Meanwhile, they are working at improving the company’s IT architecture. Currently the MRM system pulls data off legacy systems, but as those legacy systems get decommissioned, the plan is to have MRM as the single source of the data.
Although the system is aging, Bracken sees the company not growing out of it but growing into it. “This organization is not going to be leading edge in terms of technology. What we want to do is follow in a fast manner those technologies which bring value to the organization and its members.
“What separates this organization from others is its commitment to communities where members live and particularly to children through the Children’s Miracle Network,” he continues. “That is what the organization is about. Technology, people and processes will come and go. That value won’t.”
Beyond business intelligence
Siebel recently announced expanded customer analysis tools as part of its applications upgrade scheduled for next spring. Dan Lackner, Siebel’s vice-president of analytics and marketing, says customers are moving beyond business intelligence (BI) to customer analytics.
He describes BI as working with after the fact data and being limited to a number of power users and a query-based approach. “What you need to do now is to enable front-line individuals – people in the sales force, people in the customer service centre – with all the information they need to make fast, fact-based actions and interactions with their customers,” he argues.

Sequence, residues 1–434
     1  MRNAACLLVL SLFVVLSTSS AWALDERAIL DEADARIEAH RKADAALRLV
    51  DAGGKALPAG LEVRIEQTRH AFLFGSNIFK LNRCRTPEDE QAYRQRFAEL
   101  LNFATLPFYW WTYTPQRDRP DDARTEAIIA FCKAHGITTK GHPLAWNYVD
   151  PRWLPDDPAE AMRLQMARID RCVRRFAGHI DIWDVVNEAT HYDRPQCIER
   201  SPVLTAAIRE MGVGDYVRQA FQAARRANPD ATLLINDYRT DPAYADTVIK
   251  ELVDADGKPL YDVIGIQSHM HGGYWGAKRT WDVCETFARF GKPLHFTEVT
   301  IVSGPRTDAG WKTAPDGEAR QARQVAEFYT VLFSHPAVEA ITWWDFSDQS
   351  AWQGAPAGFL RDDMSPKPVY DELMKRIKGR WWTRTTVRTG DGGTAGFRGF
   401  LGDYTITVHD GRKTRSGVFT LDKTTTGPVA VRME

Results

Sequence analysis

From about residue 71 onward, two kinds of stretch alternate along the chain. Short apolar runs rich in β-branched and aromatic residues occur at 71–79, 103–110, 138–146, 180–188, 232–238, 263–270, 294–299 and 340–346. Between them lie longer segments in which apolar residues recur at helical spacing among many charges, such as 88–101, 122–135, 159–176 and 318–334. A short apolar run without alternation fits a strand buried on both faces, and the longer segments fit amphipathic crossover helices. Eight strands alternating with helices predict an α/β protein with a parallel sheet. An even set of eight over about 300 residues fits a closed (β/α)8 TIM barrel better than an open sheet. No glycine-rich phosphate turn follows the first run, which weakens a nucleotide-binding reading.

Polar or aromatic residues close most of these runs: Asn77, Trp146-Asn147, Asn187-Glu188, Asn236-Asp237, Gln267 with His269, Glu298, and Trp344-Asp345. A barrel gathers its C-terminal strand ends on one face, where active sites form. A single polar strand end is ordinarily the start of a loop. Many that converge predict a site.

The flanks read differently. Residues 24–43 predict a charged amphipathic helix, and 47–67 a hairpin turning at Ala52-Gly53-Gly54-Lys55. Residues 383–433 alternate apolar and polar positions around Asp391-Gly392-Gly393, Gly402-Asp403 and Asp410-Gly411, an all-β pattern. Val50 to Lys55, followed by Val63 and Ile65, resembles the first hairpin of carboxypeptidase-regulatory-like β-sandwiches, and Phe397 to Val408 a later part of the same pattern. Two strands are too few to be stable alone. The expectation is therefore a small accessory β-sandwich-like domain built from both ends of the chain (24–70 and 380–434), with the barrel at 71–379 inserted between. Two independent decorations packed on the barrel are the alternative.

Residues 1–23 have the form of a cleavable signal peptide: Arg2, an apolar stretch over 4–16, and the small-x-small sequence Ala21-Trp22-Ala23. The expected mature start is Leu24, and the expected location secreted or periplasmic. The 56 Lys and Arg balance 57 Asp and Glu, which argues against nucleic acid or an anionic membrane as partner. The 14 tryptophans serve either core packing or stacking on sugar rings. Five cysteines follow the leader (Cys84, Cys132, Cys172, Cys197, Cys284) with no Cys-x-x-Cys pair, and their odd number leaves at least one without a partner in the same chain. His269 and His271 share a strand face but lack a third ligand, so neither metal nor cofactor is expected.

BI software and services vendor SAS also stresses the advantage in applying customer analytics to transform data into strategic intelligence boost and retain a profitable customer base.
SAS Canada’s Michael Turney, program manager for BI solutions in Toronto, says he is seeing in the marketplace a change in business model even within the past year from top line revenue to a value-based model. He says companies are recognizing the cost of bringing in customer revenue and are looking to better manage existing customers from acquisition to retention.
One of the challenges in handling customer data is dealing with the exponential increase of data and the multiple programming languages from sources as varied as IBM mainframes, NCR bank machines and Blackberry handheld devices. At the Royal Bank of Canada’s brokerage business, RBC Investments Dominion Securities, data is tagged and demarcated in a variety of ways that may range from online trading in HTML and Java, Oracle applications to home-grown systems built on Cobol, Visual Basic and C++.